I know some people are unsettled to see all these powerful Europeans getting so very, very cross. Angela Merkel has said that we weren’t even negotiating properly. Nicolas Sarkozy can hardly bring himself to mention Britain by name and has been filmed apparently refusing to shake David Cameron’s hand. Across the Continent, the papers are full of wrathful headlines about the general arrogance and stupidity of the Englanders/Anglais/Inglesi. I watched some poor Lib Dem Euro MP who seemed about to explode with disgust at the UK’s handling of the recent summit.
And there must be many people in this country who find themselves a bit spooked by the vitriol of the criticism. For some days, the BBC has been telling us in sepulchral tones that we are “isolated” and “marginalised” – as if a decision had been taken to abandon us in our misty island like a bunch of woad-painted savages. So I hope everyone will be reassured if I point out that our European friends and partners aren’t really angry about the summit. Everyone is behaving as if there were something epoch-making about David Cameron’s use of the veto – as though some national Excalibur had been finally plucked from the rock, or as Trident had at last been launched from its briny lair.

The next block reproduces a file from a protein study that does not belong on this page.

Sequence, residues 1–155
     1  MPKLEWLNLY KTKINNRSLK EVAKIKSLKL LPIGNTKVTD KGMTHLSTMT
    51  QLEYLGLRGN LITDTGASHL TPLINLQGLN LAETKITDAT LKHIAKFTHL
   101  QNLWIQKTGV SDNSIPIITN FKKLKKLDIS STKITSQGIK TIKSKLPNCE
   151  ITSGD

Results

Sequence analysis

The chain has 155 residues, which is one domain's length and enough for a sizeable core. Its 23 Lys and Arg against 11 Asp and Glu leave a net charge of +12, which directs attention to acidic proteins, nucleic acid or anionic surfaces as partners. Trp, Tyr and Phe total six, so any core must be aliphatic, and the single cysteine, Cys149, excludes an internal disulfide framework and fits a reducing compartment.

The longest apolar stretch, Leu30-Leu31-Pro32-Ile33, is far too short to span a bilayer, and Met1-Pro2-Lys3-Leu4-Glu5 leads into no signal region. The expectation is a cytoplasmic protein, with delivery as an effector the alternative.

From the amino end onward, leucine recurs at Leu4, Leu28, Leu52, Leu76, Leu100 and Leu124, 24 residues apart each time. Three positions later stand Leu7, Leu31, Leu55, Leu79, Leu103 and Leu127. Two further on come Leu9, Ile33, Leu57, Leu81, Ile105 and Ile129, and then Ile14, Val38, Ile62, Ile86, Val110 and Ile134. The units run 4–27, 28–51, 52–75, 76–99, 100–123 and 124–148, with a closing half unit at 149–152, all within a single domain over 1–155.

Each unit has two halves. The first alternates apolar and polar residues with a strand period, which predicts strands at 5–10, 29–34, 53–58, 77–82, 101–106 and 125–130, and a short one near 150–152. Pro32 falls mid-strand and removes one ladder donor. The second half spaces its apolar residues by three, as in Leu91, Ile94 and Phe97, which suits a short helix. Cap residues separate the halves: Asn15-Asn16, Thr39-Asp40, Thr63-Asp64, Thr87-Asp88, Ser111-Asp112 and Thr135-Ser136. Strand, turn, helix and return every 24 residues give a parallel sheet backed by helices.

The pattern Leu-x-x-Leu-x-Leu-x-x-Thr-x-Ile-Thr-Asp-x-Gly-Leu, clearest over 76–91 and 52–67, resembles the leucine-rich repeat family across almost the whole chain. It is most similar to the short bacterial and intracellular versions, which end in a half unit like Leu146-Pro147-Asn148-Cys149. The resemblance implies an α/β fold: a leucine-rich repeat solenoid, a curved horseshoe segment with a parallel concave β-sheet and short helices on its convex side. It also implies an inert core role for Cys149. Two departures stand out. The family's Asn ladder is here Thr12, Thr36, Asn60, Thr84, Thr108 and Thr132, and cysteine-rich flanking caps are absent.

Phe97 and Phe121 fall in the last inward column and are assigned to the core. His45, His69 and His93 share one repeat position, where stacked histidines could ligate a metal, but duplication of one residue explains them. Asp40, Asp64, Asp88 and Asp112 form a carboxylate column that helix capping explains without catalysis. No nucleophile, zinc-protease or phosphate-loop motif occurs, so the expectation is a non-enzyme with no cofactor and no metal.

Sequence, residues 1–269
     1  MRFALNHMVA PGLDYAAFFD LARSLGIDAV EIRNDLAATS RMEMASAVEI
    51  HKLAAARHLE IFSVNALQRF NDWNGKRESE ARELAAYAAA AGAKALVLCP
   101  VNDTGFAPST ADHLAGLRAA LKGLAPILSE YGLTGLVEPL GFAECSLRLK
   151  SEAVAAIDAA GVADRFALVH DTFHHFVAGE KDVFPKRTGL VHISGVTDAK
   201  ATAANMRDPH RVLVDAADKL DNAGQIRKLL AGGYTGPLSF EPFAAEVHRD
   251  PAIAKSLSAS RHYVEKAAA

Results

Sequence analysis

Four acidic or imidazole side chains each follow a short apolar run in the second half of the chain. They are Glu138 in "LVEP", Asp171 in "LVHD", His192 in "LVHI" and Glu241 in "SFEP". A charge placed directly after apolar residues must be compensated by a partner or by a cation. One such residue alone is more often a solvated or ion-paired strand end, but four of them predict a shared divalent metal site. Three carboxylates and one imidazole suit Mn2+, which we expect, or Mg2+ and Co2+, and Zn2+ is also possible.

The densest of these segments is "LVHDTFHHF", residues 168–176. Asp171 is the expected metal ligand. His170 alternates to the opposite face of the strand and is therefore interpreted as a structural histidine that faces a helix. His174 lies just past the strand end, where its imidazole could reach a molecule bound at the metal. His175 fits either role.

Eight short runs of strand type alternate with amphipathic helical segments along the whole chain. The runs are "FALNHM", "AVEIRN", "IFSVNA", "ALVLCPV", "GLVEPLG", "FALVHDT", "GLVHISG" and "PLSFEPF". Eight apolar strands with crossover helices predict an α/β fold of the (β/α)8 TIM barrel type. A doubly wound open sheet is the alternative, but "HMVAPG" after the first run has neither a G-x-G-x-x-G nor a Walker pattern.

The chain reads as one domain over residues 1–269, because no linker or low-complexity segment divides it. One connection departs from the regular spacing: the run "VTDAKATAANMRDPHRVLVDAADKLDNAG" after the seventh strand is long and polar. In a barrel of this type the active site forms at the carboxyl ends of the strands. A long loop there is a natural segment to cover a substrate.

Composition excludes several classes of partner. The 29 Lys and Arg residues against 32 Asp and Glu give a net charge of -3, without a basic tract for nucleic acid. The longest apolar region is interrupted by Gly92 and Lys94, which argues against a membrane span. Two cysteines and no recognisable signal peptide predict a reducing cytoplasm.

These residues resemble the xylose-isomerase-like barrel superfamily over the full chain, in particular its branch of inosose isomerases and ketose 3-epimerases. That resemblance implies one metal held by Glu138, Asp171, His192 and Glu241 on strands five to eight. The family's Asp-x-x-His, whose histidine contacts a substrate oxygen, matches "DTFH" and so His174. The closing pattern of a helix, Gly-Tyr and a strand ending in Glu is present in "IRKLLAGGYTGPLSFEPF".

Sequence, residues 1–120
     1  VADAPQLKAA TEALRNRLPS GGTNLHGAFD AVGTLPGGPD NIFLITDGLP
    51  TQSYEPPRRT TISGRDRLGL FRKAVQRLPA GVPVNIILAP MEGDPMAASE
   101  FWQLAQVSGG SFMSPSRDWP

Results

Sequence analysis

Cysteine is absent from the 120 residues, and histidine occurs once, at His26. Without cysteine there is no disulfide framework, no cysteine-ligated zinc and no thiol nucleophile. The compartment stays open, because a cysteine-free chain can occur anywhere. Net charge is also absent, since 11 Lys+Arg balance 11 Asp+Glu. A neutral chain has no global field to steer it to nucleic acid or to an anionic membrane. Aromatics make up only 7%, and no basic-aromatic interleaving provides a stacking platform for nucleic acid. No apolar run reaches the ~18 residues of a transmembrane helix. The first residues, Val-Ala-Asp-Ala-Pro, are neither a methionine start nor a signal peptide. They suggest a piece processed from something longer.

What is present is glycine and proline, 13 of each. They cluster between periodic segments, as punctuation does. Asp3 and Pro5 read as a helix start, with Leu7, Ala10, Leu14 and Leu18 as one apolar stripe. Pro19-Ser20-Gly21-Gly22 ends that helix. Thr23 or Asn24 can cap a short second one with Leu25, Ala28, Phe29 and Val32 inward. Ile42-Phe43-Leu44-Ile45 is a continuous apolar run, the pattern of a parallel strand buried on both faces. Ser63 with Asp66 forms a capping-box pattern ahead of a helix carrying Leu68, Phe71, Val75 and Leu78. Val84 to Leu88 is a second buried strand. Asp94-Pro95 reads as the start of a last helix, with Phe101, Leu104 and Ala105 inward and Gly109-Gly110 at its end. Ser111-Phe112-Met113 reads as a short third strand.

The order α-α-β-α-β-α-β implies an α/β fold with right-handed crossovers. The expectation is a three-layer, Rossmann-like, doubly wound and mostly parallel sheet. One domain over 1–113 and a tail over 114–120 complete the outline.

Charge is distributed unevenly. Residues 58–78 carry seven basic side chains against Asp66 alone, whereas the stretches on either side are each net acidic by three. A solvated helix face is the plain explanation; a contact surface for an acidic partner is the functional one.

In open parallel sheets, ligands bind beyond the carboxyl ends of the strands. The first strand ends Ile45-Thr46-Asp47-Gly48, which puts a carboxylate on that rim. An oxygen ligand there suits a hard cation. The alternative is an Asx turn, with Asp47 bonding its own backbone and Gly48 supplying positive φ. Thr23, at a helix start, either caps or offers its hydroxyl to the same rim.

The reality is that plenty of prime ministers have blocked things that aren’t in this country’s interests – from Thatcher on the EU budget to Tony Blair on the withholding tax. And plenty of other prime ministers have been far more obstreperous than the British – one thinks of Felipe González of Spain, who used to hold up EU summits until he felt he had got his hands on enough Irish cod and haddock.
No, they aren’t really angry with us for opposing the new Treaty for Fiscal Union. The reason our brother and sister Europeans are so chronically enraged with the British is that we have been proved completely right about the euro. For more than 20 years, British ministers have been coming out to Brussels and saying that they just love all this single-market stuff, but that they doubt the wisdom of trying to create a monetary union. And for more than 20 years, some of us have been saying that the reason a monetary union won’t work is that you can’t do it without a political union – and that a political union is not democratically possible. Read full article in The Daily Telegraph…